Extract from - The Hermaphrodite

Out of the deep, immortal night
Came to me the Hermaphrodite,
Moonlight-breasted, pale, antique,
He spoke to me in deathless Greek:
"Brother of mine, it has been thus
Since I came forth from Anthemus.
Before the Satyrs' gate of gold
I stood with wingèd eyes grown bold,
Fire on my lips, music, light--
The unfathomable Hermaphrodite.
'Whither goest thou--whence?' they prayed.
Then to their laurelled priests I said:
'Behold me, who of gods am wrought,
Burning desire and profound thought;
I, where the star-brimmed evening falls,
Would follow my folk, the Bacchanals,
To Phrixæ, then to Sybaris,
Where their still-flowery worship is,
Then on and on to Pergamon,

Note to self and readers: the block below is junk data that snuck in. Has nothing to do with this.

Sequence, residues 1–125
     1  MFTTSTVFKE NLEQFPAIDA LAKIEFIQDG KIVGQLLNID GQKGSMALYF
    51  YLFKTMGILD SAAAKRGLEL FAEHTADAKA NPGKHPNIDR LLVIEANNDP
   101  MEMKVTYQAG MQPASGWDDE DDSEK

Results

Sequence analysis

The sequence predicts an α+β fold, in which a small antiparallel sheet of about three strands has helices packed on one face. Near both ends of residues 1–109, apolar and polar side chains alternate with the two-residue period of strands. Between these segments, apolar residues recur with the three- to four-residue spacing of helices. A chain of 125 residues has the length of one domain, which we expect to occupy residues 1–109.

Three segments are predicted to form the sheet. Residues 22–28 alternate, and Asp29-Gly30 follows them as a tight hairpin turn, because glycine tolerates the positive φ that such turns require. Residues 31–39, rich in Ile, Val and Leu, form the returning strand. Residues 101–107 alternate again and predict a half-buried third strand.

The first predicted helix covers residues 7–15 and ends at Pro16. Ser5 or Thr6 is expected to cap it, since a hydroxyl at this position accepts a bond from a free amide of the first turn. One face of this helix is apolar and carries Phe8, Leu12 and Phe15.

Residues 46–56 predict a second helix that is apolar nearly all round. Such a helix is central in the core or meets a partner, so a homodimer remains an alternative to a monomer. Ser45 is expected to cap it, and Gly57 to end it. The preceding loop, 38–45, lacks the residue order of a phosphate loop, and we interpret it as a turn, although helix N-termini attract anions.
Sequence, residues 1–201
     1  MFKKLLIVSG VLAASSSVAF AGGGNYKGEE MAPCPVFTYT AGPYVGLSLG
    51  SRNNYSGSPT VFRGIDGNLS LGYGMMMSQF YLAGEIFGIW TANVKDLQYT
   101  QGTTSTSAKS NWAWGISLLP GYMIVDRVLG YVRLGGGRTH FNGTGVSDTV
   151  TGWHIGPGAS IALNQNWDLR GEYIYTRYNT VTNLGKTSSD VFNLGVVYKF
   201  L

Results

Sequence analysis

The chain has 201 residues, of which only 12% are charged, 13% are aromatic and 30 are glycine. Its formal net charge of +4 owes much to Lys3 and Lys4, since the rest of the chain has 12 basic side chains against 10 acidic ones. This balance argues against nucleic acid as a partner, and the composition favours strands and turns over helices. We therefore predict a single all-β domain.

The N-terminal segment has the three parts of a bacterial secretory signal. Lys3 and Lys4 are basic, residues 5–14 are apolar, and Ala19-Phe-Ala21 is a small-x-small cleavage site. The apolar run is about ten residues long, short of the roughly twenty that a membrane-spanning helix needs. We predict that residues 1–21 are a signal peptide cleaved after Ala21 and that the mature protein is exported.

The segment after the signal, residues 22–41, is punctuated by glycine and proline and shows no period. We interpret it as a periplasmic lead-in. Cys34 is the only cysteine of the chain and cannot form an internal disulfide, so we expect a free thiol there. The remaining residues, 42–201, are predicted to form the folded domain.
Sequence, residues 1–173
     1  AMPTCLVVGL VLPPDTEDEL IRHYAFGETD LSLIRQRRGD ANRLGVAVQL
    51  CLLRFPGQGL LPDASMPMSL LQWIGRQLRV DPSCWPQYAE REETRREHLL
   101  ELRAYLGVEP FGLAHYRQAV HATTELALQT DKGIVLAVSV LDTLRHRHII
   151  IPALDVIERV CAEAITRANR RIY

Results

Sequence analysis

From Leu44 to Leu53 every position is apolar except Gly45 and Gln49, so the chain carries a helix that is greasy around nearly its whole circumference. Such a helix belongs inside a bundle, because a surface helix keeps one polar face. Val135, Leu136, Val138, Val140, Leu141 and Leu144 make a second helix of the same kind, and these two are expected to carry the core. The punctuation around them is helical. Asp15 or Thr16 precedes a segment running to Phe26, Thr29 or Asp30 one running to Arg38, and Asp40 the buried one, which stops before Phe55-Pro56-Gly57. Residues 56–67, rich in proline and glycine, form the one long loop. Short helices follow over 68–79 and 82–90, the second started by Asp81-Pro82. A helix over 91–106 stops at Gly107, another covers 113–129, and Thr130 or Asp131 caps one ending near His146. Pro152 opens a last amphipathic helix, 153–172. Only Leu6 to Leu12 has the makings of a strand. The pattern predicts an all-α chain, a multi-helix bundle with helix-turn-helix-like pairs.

A marble city in the sun.
Long have I tarried, yet to me cries
The flame that follows the flame that dies;
I pass--but worship me, hold me still,
Body and soul inseparable. . . .' "
I asked: "Didst thou then find thy bliss
In Phrixæ or at Sybaris?"

He moaned, "Not there . . . not there! I found
A god arisen, blithe and crowned,
Beautiful, on a fadeless plinth
Of poppy-flowers and hyacinth;
And as I passed the city wall
One on a tower began to call:
'Lo! an impostor comes to us,
The Lydian Dionysus,
Bound as with vines, his eyelids gold,
Godlike and marvellous to behold.
Beware! The sculptured cities dim
That sang and bowed and burned for him,
They, that in shadowy, silver spring
Uprose with mothlike murmuring
To obscure lust, to inverse night,
They knew him . . . this Hermaphrodite!' "
I said: "He lied unto them then.
For thou hast ever been to men
That which with unsustained despair
They seek, but find not anywhere;
The supreme loveliness that lies
In all men's souls, on all men's eyes!"